Boxer Floyd Mayweather to pay for George Floyd's funeral
UNDATED (AP) — Former boxing champion Floyd Mayweather has offered to pay for George Floyd’s funeral and memorial services, and the family has accepted the offer.
Mayweather personally has been in touch with the family, according to Leonard Ellerbe, the CEO of Mayweather Promotions. He will handle costs for the funeral on June 9 in Floyd’s hometown of Houston, as well as other expenses.
Floyd, a black man, died May 25 after a white Minneapolis police officer pressed his knee into Floyd’s neck while Floyd was handcuffed and saying that he couldn’t breathe. His death sparked protests in Minneapolis and around the country, some of which became violent.
TMZ originally reported Mayweather’s offer. Mayweather, who lives in Las Vegas, has not met the Floyd family.
FIFA signals support for in-game Floyd solidarity messages
UNDATED (AP) — FIFA urged soccer competition organizers on Monday to apply “common sense” and consider not sanctioning players for solidarity with George Floyd during matches.
The recognition of the “depth of sentiment” over Floyd’s death came in a rare statement by FIFA telling the global game to show flexibility and not enforce laws of soccer it helps to set.
Players used weekend games in Germany to reveal messages demanding justice for Floyd, a handcuffed black man who died after he pleaded for air as a white police officer pressed a knee on his neck in Minneapolis.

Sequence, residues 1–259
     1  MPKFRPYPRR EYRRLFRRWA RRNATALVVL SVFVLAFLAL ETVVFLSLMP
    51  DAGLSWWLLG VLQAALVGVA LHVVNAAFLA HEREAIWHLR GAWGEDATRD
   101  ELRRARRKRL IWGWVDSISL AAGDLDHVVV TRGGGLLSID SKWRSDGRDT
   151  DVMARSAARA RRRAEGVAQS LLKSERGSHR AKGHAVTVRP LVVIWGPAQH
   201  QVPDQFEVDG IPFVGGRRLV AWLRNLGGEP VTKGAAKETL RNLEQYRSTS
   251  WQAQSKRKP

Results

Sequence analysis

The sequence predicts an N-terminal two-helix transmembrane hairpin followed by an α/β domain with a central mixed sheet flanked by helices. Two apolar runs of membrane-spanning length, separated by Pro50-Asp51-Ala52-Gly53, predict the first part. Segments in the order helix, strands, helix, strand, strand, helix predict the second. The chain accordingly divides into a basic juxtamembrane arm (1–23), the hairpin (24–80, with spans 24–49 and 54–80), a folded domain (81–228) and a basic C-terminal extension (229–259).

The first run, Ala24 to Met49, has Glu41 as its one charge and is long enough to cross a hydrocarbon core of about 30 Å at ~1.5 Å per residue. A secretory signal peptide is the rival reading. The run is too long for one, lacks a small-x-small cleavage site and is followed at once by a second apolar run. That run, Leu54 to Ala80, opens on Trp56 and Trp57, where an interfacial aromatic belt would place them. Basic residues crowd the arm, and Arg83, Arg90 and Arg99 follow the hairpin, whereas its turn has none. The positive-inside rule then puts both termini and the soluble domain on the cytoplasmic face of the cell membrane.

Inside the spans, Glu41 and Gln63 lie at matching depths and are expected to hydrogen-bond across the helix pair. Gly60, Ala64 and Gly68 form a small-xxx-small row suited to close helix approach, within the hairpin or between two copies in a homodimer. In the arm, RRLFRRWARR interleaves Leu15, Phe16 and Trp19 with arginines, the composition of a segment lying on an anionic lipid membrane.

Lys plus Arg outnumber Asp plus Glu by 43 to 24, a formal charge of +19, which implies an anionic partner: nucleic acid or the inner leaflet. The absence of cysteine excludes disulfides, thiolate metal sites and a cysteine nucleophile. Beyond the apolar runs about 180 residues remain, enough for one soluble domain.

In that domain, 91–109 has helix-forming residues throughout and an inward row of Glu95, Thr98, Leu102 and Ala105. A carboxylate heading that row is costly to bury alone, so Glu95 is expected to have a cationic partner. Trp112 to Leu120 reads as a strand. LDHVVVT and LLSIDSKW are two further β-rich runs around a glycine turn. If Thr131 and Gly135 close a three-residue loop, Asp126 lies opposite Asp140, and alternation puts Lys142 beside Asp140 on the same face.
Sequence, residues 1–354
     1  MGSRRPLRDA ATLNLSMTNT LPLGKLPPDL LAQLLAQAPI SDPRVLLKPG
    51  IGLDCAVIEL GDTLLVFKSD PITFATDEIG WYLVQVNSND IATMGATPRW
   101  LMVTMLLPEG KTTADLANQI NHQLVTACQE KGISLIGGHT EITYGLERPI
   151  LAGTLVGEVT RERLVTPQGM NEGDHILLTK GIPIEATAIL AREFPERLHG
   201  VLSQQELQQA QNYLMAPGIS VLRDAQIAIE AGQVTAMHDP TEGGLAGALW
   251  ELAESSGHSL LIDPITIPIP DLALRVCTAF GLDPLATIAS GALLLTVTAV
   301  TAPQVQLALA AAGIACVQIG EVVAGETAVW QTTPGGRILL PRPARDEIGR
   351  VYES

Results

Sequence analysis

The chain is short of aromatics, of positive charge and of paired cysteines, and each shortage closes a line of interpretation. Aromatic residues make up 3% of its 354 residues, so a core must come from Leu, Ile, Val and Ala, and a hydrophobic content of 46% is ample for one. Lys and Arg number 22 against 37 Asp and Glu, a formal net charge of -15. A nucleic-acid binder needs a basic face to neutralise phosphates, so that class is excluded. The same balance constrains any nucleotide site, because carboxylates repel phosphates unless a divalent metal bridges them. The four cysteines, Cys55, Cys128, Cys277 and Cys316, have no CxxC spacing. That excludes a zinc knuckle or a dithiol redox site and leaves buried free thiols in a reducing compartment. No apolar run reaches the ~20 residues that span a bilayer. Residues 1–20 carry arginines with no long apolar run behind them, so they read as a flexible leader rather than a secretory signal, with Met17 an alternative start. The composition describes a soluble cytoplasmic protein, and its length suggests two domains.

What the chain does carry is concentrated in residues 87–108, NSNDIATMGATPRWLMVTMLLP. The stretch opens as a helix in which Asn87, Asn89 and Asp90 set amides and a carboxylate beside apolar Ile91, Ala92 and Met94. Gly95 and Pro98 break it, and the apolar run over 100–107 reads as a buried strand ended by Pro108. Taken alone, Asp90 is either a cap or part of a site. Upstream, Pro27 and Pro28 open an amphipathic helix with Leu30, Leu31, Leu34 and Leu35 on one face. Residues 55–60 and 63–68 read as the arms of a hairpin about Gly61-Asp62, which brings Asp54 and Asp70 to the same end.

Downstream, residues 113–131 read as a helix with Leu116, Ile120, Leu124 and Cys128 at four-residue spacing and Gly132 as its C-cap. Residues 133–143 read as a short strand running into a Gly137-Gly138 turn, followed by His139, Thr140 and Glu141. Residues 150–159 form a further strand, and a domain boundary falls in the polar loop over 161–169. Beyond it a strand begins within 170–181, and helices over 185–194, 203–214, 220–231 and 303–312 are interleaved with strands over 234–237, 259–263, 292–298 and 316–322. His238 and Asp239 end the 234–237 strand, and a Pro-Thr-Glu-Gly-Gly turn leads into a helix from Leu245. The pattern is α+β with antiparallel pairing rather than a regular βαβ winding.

Germany's soccer federation announced earlier Monday that it was assessing whether to sanction the players for breaking laws of the game that prohibit “any political, religious or personal slogans, statements or images" on equipment.
LIVERPOOL-TAKING A KNEE
Liverpool stars take a knee in gesture of support for Floyd
LIVERPOOL, England (AP) — Liverpool players took a knee around the center circle at Anfield Stadium on Monday in a gesture of support following the death of George Floyd.
Squad members posted a picture of the act on their social media accounts with the caption, “Unity is strength #BlackLivesMatter.”
The picture of 29 players from the English league leaders was taken during a training session.
Star players Virgil van Dijk, Trent Alexander-Arnold and captain Jordan Henderson were among those to post the picture that was retweeted by the official account of Liverpool, which is owned by Fenway Sports Group — the U.S. company which also controls the Boston Red Sox. Liverpool also tweeted out the picture.
Floyd’s death has sparked days of protests across the U.S. and it has resonated in the soccer world.
Cardinals sign TE Cantrell, release CB Shelton
TEMPE, Ariz. (AP) —The Arizona Cardinals have signed tight end Dylan Cantrell to a one-year deal.
The 6-foot-3, 240-pound Cantrell is switching positions to tight end after being selected as a receiver by the Los Angeles Chargers in the sixth round of the 2018 draft. He played in college at Texas Tech under current Cardinals coach Kliff Kingsbury, who is now in his second season in Arizona.
Cantrell spent most of the 2018 season on the Chargers' practice squad and was released prior to last season. He had 158 catches for 1,873 yards and 18 touchdowns during a four-year college career with the Red Raiders.
Former Auburn coach dead at 80
UNDATED (AP) — Former Auburn football coach Pat Dye has died at the age of 80.
Dye took over a downtrodden program in 1981 and turned it into a Southeastern Conference power.
The Lee County coroner says Dye died Monday at a hospice care facility in Auburn from complications of kidney and liver failure. His son, Pat Dye Jr., had told ESPN.com recently that the former coach had been hospitalized in Atlanta for kidney-related issues. He also said his father had tested positive for the coronavirus but had been asymptomatic.